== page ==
I was born in the early 1950s and cannot remember a time when I wasn’t swooning over cartoons. The ones that my generation grew up with were crafted by Warner Brothers’ Looney Tunes, Disney, and Hanna-Barbera. These were our versions of Mr. Rogers and Sesame Street. Rather than learning manners and inclusion, we were fed a steady diet of pratfalls, stolen acorns, balloon mallets, and cliff dives. While we laughed at the antics of these beloved characters, we were also bathed in some of the finest classical music and extraordinary graphic design that, in my case, became part of my DNA.
A few decades ago I began studying vintage Disney graphics in earnest. Not the animation itself, but instead the backgrounds. One of my investments at the time was the colossal 5.5 lb. book called “Walt Disney Animation Studios Archive Series #4: Layout and Background”.
I also bought a collection of postcards called “The Art of Disney: The Golden Age (1937-1961).”
I fell in love with the hitherto unpublished pencil sketches, line-and-wash tonal studies, and close-ups of well-known scenes from the best films of this wonder-filled era. As you may know already, sketches and sketchbooks are my thing really; from Rembrandt to Monet to Disney, I enjoy seeing their sketchbooks, the thinking processes, as much as the finished images.
Something haunted me about those finished images as well though. There seems to be a subtle difference between illustration and ‘fine art’ (or as I call it, ‘art-art’), and I’m still not quite sure what it is. When in doubt though, dive in, right? Since I lived in a picturesque village at the time, I decided to use the buildings nearby as subjects for my own cartoon background practices. Here are some of the results.
[An aside: As I worked along, my cartoon brain engaged again, about the same time a blizzard arrived, so I documented this scene showing the back of my home and what was left to see of the storm door. It’s called, “It Snowed Last Night”.]
So as I was saying, there really is an subtle yet unmistakable difference between an image that evokes the feeling of a story, and an image that is “the facts, ma’am, just the facts.”
So what makes the magical difference?
The answer is complicated I’m sure, but I do know one watercolor technique that has the power to instantly alter the mood of a picture. It is called glazing. (Here comes your watercolor lesson, get ready…) This technique has the power to transform a painting from the facts to a feeling. It is simple enough to do, and only requires patience and a bit of materials knowledge. First to the patience. Complete a simple watercolor, being sure that any ink lines are done with permanent ink, not water-soluble. Allow the sketch to dry completely, I mean bone dry.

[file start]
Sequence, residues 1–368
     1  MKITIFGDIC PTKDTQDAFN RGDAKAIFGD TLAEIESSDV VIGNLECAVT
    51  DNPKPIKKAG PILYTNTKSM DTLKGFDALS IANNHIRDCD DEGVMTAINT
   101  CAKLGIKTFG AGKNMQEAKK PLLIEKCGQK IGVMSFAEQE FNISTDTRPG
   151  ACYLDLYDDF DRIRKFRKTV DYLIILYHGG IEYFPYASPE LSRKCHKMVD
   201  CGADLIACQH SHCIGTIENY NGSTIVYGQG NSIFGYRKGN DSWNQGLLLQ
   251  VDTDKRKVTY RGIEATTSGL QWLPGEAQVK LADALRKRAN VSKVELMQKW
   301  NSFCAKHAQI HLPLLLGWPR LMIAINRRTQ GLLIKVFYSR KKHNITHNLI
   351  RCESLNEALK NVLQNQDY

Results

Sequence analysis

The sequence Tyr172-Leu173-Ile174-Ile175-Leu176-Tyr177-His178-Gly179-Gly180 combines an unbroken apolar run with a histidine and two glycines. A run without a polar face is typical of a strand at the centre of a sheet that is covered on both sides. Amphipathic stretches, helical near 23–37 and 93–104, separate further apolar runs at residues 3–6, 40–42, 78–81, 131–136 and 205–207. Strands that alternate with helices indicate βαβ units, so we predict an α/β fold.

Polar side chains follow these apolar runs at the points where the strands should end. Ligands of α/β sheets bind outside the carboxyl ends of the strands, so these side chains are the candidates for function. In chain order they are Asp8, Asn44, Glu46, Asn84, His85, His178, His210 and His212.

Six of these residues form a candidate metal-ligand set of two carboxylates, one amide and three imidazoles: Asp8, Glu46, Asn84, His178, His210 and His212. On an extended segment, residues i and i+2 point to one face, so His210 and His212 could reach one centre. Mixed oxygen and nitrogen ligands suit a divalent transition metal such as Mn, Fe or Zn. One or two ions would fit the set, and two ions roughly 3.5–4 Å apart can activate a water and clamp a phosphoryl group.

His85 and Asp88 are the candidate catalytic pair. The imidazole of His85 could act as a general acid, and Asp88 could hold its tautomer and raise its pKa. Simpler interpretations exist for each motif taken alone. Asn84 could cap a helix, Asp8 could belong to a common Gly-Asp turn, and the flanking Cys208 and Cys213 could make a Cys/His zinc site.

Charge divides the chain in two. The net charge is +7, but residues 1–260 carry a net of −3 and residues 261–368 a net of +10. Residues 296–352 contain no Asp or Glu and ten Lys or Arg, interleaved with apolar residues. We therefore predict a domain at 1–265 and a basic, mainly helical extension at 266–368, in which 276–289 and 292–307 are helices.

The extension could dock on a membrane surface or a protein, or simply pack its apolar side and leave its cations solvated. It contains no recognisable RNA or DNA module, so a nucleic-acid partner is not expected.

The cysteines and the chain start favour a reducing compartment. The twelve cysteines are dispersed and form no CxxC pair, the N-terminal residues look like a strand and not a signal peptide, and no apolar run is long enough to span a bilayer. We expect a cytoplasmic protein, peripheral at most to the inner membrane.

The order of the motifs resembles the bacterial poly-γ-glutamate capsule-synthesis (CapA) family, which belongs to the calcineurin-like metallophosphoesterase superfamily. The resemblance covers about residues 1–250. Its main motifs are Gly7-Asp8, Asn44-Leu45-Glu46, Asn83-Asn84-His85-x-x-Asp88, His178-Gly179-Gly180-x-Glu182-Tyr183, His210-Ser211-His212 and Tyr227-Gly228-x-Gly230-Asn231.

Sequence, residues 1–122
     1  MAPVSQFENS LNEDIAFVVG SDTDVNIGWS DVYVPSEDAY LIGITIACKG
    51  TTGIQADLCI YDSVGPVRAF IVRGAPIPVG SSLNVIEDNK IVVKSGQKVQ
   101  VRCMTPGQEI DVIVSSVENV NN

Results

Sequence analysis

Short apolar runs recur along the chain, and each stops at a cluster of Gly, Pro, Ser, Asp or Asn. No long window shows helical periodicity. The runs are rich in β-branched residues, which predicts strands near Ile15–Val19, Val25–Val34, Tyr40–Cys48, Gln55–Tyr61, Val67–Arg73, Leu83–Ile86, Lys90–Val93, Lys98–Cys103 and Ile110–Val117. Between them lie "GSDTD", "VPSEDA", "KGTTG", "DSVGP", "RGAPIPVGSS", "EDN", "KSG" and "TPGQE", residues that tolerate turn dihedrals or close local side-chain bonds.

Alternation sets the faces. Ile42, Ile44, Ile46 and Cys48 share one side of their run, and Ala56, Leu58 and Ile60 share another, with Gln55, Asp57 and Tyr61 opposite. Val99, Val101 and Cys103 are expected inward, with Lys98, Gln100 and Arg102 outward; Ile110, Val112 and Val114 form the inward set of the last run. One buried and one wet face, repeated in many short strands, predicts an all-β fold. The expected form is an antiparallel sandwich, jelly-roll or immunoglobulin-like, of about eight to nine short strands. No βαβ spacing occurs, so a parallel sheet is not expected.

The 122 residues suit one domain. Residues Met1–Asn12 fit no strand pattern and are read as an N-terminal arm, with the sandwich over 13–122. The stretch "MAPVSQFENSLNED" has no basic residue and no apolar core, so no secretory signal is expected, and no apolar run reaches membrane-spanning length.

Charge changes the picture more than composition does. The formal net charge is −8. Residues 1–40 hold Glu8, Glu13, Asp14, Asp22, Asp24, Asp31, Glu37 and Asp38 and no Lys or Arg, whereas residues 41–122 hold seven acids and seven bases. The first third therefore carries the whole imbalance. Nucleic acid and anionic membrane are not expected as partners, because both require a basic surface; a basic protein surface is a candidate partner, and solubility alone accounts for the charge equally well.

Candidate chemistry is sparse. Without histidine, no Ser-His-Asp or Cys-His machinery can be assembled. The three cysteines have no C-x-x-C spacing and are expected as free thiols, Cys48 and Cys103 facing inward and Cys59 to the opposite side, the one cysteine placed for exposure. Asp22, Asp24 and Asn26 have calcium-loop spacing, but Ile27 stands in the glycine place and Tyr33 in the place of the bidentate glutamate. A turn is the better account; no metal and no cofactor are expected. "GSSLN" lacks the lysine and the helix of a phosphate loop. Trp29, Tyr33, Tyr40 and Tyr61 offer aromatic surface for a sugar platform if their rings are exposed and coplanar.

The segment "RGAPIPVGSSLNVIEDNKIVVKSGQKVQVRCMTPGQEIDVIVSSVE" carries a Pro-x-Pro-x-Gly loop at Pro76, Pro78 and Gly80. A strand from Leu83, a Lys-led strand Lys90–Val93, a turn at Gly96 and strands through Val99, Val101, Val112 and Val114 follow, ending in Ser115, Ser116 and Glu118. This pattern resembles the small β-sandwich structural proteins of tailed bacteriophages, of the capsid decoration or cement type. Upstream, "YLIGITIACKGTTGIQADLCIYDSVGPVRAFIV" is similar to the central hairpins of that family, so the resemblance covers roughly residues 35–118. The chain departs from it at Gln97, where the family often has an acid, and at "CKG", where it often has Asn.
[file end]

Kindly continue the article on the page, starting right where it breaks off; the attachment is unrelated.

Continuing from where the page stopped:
Then mix up a mild solution of a very transparent watercolor pigment such as quinacridone gold, or perhaps raw sienna, or a bit of rose madder. With the least abrasion possible, use your brush to glide a thin layer of your ‘tint’ over a few select areas of your painting, any places that might be kissed by the sun, especially late afternoon sun. No fiddling allowed, or you run the risk of lifting the watercolor layers beneath your layer of tint. Let it dry, and be amazed.
It takes a bit of practice, and of course a few failures, but in the end, any painting/sketch that is ‘okay’ but looks a bit dull can suddenly come to life via glazing. There is a glow where there used to be ‘just facts’. There is atmosphere where there used to be air. Suddenly you are inviting your viewer into the picture, to visit your art as a storybook illustration. Your viewer begins to create a story all their own, of course. That is magic.
Animation cartoonists of the early-to-mid-20th century had a technique similar to glazing. They could use tinted sheets of celluloid (called ‘cels’) as overlays to create a rosy glow in the morning, or the blue-grey cast of twilight, without disturbing the detailed original image beneath. To portray the animation itself, the characters were drawn and painted separately, directly on clear layers of celluloid. Then these mostly-transparent cels were placed on top of the highly-detailed background art so that a series of dashing dwarves could run everywhere without disturbing the beautiful images below.
You use glazes and cels too. All the time.
Bet you didn’t know that, did you. Metaphors abound in my art supply collection, and this is a big one. The thing that is so magical about a raw sienna glaze is that you can’t see it, but you can feel it. The magic of tinted cellophane is that without even touching an image, it changes its appearance entirely. And like those glazes and tints, we too look out through eyes that are glazed, all the time, and we don’t even know it. It is the human experience for all of us, every moment of every day, whether we know it or not. When I am humming a sad song, it colors my experience of the day. When I need a grey sheet of cellophane to look through, in order to validate my Dopey, Grumpy, Sleepy attitude, it is instantly available. Our minds and hearts and souls are overflowing with cels of every hue and they color our moment-to-moment experience of life. If I act Pollyanna, it is because I chose my rose madder lens through which to view my day, just for now.
My point is, we all have images (events and circumstances) that are the real deal, ‘the facts, ma’am, just the facts’ of our lives at the moment. It behooves me, though, to remember I am also, at every moment in time, adding my own glaze, my own tint, my own spin to the facts, in order to create a compelling story. There is no denying there is a picture underneath it all. But equally important there is a tint.
Choose your tints carefully. They are the filters through which we see everything.